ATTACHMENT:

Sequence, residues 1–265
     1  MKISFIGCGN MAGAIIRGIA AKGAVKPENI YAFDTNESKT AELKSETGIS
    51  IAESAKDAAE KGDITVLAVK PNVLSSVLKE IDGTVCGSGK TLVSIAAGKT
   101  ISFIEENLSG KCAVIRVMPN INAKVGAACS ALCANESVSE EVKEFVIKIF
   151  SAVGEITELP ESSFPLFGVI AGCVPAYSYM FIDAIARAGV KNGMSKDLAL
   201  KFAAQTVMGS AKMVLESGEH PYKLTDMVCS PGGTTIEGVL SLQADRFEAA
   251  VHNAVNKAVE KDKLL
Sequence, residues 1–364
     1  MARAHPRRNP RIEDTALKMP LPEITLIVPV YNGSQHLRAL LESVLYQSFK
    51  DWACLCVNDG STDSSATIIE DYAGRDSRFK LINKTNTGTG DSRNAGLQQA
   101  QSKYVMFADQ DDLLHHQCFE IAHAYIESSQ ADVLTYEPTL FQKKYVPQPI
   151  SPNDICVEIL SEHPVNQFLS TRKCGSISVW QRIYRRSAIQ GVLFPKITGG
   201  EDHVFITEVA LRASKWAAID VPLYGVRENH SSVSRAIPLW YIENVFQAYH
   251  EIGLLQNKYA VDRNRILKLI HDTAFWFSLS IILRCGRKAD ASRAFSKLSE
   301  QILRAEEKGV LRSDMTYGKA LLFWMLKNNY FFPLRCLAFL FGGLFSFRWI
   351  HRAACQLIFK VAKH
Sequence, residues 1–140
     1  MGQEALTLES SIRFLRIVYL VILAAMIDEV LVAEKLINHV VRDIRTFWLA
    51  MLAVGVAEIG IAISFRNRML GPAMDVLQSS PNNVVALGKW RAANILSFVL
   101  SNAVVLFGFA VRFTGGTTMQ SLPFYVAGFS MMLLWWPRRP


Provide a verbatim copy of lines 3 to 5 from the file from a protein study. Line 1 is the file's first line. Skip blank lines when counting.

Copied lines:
    51  IAESAKDAAE KGDITVLAVK PNVLSSVLKE IDGTVCGSGK TLVSIAAGKT
   101  ISFIEENLSG KCAVIRVMPN INAKVGAACS ALCANESVSE EVKEFVIKIF
   151  SAVGEITELP ESSFPLFGVI AGCVPAYSYM FIDAIARAGV KNGMSKDLAL